A major Idasa report, “Press Coverage of Cross Border Migration to
South Africa Since 2000”, says the country’s newspapers and news wire
services have played a major role in inflaming xenophobic sentiment, according to a report in the Sunday Times.

Drawing on earlier research, the 2005 study noted that less than 10% of South Africans had a “great deal” of contact with foreign Africans — and that, therefore, “anti-immigration sentiment in the region is not primarily a result of (personal experience) with foreigners but rather the product of (mis)information from secondary sources, including the media”.

In a study of 950 press reports on immigration, the survey found:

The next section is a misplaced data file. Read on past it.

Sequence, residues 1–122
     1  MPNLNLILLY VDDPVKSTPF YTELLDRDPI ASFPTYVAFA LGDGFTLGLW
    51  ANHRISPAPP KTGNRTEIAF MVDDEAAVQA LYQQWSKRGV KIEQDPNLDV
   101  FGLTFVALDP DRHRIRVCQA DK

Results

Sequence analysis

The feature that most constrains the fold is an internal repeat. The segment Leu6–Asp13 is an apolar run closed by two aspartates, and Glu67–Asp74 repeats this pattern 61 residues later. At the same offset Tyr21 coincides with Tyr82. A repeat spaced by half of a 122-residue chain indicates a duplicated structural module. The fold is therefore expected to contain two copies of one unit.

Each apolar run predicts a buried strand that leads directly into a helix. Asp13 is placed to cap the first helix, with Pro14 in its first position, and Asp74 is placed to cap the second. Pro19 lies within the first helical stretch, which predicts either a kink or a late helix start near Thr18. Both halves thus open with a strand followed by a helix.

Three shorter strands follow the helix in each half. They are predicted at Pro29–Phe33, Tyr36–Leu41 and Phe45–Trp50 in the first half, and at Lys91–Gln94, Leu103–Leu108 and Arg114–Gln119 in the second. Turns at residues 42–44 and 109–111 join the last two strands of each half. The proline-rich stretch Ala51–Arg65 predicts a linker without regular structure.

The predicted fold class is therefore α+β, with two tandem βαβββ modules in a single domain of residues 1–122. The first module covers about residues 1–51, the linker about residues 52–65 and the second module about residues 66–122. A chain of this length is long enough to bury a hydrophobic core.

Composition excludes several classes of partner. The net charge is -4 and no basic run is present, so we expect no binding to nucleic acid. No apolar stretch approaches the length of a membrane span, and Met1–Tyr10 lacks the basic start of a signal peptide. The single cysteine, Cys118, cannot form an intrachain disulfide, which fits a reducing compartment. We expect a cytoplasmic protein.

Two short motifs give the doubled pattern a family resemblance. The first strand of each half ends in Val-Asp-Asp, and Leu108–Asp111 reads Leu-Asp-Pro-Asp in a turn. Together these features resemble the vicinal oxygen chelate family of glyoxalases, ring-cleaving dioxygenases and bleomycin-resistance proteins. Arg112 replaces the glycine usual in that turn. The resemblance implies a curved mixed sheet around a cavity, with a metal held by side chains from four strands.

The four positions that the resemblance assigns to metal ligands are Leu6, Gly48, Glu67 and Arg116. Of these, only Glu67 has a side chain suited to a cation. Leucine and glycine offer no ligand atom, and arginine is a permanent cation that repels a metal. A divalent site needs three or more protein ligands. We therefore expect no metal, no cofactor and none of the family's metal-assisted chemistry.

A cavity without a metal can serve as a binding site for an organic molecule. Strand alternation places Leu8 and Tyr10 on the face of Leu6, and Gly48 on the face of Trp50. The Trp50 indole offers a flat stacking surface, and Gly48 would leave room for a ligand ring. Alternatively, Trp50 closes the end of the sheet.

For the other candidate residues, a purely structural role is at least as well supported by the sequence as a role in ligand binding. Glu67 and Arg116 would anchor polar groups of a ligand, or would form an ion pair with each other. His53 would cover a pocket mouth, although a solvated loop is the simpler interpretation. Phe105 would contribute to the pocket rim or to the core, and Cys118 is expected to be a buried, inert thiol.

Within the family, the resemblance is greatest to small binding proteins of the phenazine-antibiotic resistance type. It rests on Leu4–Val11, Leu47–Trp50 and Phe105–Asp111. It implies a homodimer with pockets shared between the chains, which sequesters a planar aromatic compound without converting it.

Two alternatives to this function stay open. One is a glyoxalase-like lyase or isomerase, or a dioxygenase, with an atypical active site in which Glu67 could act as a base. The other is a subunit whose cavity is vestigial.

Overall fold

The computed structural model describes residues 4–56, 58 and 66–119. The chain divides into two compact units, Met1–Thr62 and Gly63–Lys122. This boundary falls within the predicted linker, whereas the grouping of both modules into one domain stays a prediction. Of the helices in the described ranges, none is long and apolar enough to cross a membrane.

# More than half the articles used at least one negative reference ( job stealers, criminals, illegals …). This cumulative effect of rhetoric is perhaps the most revealing statistic of all;

# 17% used a “negative metaphor” to describe the migration, eg. floods, waves or hordes;

# 22% associated migrants with crime;

20% referred to migrants as illegals

# “The long discredited figure of nine million illegal immigrants living in South Africa … continues to be reproduced in the press”;

“A large amount of press coverage remains anti-immigration and non-analytical”;

# Of the articles that used the term “job stealers”, the SA Press Association (Sapa) was by far the worst offender, making up 38%; and

# The problem was inflamed by “the growth of a tabloid press in SA . . . which latch on to reactionary and sensational issues and attitudes”.

Click here to read the full report, posted on the Sunday Times website.